House Financial Services Committee Rearranges Deck Chairs

Yesterday the House Committee on Financial Services marked-up three bills dealing with the Federal Reserve. Not only are none of them adequate substitutes for Audit the Fed, but they are the monetary policy equivalent of rearranging deck chairs on the Titanic:

  1. H.R. 4278– Limits the assets the Federal Reserve may legally hold to gold, foreign exchange and International Monetary Fund (IMF) special drawing rights, and Treasury securities. It also requires the Fed to swap its current holdings for Treasury  securities.

The only circumstances where the Fed could hold other assets is an economic emergency, and then the Fed would have to exchange the assets for Treasury securities.

Limiting the Fed's ability to purchase private assets is a good idea but by allowing the Fed to engage in “emergency purchases” of private assets it allows the Fed to intervene in captions markets at the time when it is most likely to do so and when it is most important that the Fed refrain from such actions. During an economic emergency the Fed should allow the market to correct the distortions introduced by prior Fed actions.

By allowing the Fed to hold gold, this bill raises the possibility that the Fed will interfere in the gold markets to manipulate the gold price. Allowing the Federal Reserve to purchase “special drawing rights” means the Fed can continue to work with international institutions and foreign central banks to prop up failed governments like Greece.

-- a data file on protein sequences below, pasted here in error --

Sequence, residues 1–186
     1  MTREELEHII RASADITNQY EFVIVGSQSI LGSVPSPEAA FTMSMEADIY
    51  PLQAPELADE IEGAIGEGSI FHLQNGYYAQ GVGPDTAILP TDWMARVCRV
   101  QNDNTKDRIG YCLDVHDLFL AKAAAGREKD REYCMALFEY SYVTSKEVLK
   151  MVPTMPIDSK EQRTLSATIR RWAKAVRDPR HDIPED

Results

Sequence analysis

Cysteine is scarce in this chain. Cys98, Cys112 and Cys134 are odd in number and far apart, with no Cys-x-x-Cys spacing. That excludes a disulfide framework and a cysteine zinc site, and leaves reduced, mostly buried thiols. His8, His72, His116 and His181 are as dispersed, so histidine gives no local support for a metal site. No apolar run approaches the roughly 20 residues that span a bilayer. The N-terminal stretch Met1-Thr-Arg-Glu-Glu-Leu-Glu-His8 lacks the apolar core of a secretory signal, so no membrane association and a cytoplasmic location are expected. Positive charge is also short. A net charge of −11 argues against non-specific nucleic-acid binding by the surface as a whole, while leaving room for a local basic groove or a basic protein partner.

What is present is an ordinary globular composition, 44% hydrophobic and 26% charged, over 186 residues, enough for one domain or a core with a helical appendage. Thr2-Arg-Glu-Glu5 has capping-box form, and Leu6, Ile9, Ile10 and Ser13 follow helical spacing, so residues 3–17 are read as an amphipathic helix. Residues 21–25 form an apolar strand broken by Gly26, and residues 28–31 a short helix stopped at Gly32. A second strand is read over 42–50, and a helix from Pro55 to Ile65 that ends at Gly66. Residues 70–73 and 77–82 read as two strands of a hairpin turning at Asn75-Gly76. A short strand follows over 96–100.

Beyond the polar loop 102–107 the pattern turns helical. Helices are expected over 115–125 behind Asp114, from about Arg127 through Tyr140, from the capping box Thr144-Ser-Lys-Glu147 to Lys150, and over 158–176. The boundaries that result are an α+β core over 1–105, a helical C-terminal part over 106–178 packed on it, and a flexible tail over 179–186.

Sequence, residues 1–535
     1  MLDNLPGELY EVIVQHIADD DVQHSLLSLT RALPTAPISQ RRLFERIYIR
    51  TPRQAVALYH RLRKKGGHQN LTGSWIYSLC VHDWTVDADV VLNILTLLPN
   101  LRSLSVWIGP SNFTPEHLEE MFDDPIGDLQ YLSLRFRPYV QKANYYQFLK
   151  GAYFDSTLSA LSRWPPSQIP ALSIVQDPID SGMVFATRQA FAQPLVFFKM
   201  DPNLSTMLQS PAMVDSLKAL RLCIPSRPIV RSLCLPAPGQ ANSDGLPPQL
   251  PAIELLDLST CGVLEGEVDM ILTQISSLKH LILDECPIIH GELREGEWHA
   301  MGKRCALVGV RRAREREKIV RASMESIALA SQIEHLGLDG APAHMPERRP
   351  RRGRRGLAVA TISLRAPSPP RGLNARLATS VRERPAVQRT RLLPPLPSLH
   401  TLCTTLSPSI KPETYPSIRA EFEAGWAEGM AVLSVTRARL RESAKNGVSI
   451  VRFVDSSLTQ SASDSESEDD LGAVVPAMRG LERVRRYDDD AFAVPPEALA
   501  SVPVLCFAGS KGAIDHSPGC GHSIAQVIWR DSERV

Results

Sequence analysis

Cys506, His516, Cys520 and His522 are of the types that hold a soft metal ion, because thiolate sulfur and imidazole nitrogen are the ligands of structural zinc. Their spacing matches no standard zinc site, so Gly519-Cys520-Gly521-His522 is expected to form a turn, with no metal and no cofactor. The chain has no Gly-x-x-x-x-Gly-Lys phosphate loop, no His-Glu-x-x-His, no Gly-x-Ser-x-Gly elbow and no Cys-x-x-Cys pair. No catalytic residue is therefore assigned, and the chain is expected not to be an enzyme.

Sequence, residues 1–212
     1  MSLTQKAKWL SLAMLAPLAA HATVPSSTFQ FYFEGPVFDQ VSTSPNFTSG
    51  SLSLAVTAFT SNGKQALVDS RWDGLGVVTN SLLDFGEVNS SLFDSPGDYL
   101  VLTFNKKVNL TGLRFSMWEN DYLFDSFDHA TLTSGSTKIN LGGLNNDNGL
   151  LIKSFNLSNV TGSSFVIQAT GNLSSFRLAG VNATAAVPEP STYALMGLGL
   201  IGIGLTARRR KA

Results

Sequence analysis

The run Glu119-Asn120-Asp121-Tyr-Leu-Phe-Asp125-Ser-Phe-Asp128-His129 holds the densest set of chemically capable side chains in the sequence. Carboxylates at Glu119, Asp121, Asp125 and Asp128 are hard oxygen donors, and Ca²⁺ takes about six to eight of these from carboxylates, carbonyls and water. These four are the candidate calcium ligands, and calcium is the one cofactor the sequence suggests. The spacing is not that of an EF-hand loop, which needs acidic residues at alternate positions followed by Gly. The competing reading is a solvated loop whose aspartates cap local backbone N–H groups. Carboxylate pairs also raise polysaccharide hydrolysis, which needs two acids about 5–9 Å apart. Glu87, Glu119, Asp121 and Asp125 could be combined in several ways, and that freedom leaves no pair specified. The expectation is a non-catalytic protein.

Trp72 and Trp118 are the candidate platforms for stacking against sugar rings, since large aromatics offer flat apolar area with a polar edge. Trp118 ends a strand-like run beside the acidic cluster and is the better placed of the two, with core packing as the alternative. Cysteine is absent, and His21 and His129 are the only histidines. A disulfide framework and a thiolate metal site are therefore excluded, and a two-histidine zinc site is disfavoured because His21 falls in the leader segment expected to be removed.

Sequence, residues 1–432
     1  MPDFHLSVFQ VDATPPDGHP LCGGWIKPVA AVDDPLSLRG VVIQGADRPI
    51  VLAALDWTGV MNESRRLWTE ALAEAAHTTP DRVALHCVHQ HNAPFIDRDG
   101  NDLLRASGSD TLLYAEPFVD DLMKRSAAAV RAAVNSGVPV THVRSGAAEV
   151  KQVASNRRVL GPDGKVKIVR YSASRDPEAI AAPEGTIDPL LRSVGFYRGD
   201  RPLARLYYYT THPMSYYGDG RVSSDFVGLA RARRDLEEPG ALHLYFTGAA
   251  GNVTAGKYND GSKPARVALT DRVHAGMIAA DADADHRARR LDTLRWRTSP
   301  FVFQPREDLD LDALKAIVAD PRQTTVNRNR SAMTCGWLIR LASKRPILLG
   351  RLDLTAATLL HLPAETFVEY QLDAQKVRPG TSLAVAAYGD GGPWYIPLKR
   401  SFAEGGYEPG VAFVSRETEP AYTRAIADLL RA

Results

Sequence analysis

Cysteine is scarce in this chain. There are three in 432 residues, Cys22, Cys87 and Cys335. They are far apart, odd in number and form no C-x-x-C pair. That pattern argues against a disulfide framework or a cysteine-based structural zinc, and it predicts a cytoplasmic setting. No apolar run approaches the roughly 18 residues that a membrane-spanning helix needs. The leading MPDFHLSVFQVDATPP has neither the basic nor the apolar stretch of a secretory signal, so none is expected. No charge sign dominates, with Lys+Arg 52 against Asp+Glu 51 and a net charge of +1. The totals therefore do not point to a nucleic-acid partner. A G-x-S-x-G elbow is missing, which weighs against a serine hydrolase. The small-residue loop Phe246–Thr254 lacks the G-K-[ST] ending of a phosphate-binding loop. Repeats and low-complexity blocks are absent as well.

1. H.R. 4302– This legislation is intended to limit the Fed’s use of the Section 13(3) lending authority by requiring approval of the entire Federal Reserve Open Market Committee as well as all banking regulators with jurisdiction over the entity seeking the loan. The Fed would need Congressional approval for loans over 30 days.

This is well-intentioned legislation but does anyone doubt that the entire Open Market Committee or banking regulators would hesitate to approve loans, especially during an economic crisis? Or that Congress would not give into pressure from the big bank lobbyists to extend the loans?

  1. H.R. 4720– This bill has the title the Monetary Policy Transparency Act, but it has nothing to do with Audit the Fed. Instead it is another attempt to force the Fed to follow a “rules-based” monetary policy. This bill requires the Fed to publish (in plain English) a “monetary policy strategy” every year specifying its policy targets and the instruments it will use to reach them.

More transparency is always good but this is no substitute for a full audit.

Like many reforms promoted by free-market economists who do not follow the Austrian School, this bill pretends that the system of fiat currency can somehow be fixed by implanting transparent rules. But the problem is with the system of government control of the money supply, not with how it is implemented. Any system of government controlled currency will inevitably cause market distortions.

For more on rules-based monetary policy see here and here.

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